Women are programmed to think and do multiple things at the same time. Woloo is not only about hygienic washrooms. It is a community we are trying to build for an urban woman, where she can take five minutes off from her life for herself. Woloo is a place for their downtime, where they can come, relax, sip on a coffee, and just sit for a few minutes.
Q. What are the amenities offered at a Woloo?
A: The current Woloo is spread across 325sqft, and includes a washroom area with four regular cubicles with Western-style commodes. An assisted washroom, which is a little larger, also has a diaper-changing station for new mothers.
It also includes a cafe for hot beverages, a small seating area, a convenience store which sells sanitary pads and innerwear, and a sewing kit. The washroom section is a dry, clean area and can be used as a changing room, as and when required. The Woloo also has WiFi.
Q. Please describe a typical customer’s experience at Woloo.
A: When a woman walks in, she first purchases a twenty-rupee singleuse Woloo ticket. An access card is given to her to be able to enter the washroom area, which she hands over to the janitor, and uses the facility. She then has a cup of tea or coffee or some water, or just sits for a while.
Initially, we also had a monthly pass for INR 499 — 30 uses over 30 days — and after every usage, the customer would get a hot beverage, bottle of water or sanitary pad. But we realised that women feel okay buying a 300-rupee lipstick, and don’t think twice, but when it comes to their own health or personal hygiene, they always compromise. We didn’t want that compromise to happen, and wanted more and more people to use the facility. Now, we have a pass for INR 99 with 30-day validity and unlimited usage.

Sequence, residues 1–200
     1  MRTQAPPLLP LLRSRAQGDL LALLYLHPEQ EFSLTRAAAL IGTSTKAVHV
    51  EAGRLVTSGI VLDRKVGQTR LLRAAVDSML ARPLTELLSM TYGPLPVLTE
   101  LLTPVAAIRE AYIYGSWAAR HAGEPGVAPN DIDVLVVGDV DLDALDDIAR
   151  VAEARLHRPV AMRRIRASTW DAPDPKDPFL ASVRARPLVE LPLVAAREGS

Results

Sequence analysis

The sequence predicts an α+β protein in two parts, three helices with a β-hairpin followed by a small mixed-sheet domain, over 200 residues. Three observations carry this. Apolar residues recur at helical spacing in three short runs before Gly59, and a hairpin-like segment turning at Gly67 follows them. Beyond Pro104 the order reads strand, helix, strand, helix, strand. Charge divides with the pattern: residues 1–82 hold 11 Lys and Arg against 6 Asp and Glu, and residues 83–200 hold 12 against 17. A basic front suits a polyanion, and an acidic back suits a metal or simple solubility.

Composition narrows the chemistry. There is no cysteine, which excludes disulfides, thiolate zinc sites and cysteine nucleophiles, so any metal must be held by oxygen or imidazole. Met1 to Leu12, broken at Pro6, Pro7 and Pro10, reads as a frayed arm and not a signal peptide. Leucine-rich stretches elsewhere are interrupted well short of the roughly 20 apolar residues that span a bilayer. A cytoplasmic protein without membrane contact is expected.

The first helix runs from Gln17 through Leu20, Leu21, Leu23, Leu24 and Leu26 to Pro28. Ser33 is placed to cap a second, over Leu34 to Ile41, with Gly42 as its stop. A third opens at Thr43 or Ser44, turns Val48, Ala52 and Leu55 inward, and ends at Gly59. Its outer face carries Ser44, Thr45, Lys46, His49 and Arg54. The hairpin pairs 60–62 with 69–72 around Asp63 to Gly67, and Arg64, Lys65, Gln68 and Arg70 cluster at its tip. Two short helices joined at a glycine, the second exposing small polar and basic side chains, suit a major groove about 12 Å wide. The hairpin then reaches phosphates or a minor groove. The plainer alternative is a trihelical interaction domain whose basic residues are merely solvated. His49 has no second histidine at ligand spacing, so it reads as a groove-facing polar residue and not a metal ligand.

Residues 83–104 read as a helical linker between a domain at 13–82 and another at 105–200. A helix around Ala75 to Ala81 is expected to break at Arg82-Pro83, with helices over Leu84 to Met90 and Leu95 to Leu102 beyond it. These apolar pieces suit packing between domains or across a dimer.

Q. How is the facility maintained?
A: Each cubicle is cleaned and sanitised after each usage. To dispel any potential smells, we also have air-conditioning, air-fresheners, and the fragrance of freshly brewed coffee as soon as you enter, from the cafe.
We are open from 8am to 10pm, and work in two shifts. Each shift has one security guard outside the facility; even though we are a women’s — only facility and have access-controlled doors, we are in a public area and want to keep out all antisocial elements. We have one person at the desk, and one janitor for cleaning.
Q. What kind of footfall have you seen?
A: Everyday, we have 300-375 walk-in customers. Mumbai is a country in itself. Each station within the city has a footfall of at least 40,000 lady travellers every day. Even if 1% are taken into account, I will be servicing not less than 400 people a day.
We have joined hands with female auto-rickshaw drivers in Thane. Each one takes at least four rounds near the station; they work 6-8 hour shifts, and only get to use the washroom after going back home. We have invited them to use WoLoo.
Q. How have women responded to Woloo?
A: We have amazing stories. We have seen women who were in tears after seeing a clean washroom, especially middle-aged ones, who have never seen one in their lives. We have had women who have just come and poured their hearts out to us, because at Woloo, there is nobody to judge them for wanting a clean toilet. People have come just to click pictures to satisfy themselves that this is not a fake WhatsApp forward, and sent them to their social circle to say, Woloo exists!
Q. Will we see more Woloos come up in 2020?
A: We will have new centres in the next 6-8 months across Mumbai, on each suburban railway line. We have also evolved a franchisee model specifically for women. About 5-7 women can come together, invest and own a Woloo, and start earning from that. We aim to empower at least 30,000 social entrepreneurs in the next five years.